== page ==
Benedict S. K. Koh and Olivia S. Mitchell
Abstract —As one of the oldest and largest national mandatory defined contribution pension systems, Singapore’s Central Provident Fund (CPF) permits employees to invest their retirement accumulations in a variety of investment instruments rather than leaving them in a government-managed investment fund. Many plan participants avail themselves of this opportunity, selecting from a menu of more than two hundred included funds that satisfy specific admission criteria set by the CPF Board. Nevertheless, many other funds are excluded from the list of eligible retirement system investments. This paper shows that the included/non-included screening criteria have been effective, in that included fund managers earned higher average returns, demonstrated better stock-picking, and displayed better market-timing skills, than their excluded fund counterparts. In addition, the included funds exhibited stronger persistence in performance, though they offered marginally lower diversification benefits to plan participants.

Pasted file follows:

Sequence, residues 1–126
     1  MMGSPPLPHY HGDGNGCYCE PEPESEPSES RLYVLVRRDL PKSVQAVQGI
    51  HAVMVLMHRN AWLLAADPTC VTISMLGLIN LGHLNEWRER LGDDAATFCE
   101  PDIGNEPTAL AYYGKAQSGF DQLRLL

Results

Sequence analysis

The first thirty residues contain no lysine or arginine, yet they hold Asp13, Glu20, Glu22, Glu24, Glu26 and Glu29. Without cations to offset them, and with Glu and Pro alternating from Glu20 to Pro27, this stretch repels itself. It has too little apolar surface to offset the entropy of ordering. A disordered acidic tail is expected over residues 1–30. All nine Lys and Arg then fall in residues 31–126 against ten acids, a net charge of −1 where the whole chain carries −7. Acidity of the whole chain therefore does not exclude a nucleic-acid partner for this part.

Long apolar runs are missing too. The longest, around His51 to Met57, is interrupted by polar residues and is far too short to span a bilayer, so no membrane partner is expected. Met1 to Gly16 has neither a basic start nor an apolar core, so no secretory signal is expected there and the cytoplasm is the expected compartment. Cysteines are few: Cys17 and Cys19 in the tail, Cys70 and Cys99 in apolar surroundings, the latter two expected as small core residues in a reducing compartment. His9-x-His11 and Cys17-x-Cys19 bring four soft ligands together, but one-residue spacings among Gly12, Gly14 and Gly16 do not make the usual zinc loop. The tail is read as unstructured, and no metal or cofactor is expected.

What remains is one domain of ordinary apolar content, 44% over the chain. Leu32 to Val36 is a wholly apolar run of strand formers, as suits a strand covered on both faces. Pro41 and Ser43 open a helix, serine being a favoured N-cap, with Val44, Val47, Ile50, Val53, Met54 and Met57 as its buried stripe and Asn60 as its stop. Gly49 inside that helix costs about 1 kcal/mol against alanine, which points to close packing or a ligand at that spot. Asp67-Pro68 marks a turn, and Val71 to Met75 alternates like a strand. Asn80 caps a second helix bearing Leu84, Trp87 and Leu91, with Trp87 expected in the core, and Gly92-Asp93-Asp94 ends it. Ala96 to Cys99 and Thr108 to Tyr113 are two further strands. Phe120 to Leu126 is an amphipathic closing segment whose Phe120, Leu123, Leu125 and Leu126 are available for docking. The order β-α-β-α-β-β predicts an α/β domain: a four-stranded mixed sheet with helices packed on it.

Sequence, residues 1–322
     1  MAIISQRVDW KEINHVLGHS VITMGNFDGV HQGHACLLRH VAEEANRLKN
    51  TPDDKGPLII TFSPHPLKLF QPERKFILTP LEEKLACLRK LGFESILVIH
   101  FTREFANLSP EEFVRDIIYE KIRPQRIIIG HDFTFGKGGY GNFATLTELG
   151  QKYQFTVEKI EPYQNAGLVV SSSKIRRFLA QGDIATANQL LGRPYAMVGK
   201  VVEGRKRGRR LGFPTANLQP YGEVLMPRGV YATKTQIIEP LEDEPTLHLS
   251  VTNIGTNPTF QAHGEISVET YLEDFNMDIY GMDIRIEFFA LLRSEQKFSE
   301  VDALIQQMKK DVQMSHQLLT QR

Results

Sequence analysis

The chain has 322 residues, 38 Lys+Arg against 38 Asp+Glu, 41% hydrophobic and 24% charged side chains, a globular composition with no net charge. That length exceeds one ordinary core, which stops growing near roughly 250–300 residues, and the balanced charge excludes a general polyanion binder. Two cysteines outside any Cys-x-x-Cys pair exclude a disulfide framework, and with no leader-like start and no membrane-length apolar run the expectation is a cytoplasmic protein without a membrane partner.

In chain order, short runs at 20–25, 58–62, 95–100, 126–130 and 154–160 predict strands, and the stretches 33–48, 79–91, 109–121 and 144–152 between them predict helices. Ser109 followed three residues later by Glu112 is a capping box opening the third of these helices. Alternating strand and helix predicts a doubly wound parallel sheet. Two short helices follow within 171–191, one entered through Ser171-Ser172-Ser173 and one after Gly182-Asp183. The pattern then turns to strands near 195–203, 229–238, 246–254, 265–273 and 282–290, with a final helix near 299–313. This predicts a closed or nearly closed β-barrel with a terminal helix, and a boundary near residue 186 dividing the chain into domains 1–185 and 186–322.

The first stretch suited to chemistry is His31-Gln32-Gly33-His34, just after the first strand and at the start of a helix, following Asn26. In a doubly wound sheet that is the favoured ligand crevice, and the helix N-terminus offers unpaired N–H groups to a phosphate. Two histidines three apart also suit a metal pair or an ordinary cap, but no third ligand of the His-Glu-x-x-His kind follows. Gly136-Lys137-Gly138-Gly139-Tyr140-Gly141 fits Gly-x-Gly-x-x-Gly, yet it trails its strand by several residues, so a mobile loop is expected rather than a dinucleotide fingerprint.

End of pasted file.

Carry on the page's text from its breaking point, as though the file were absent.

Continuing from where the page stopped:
[Keywords: pension, retirement, investment, portfolio, mutual fund, investment choice, stock selection, market timing, plan risk and return]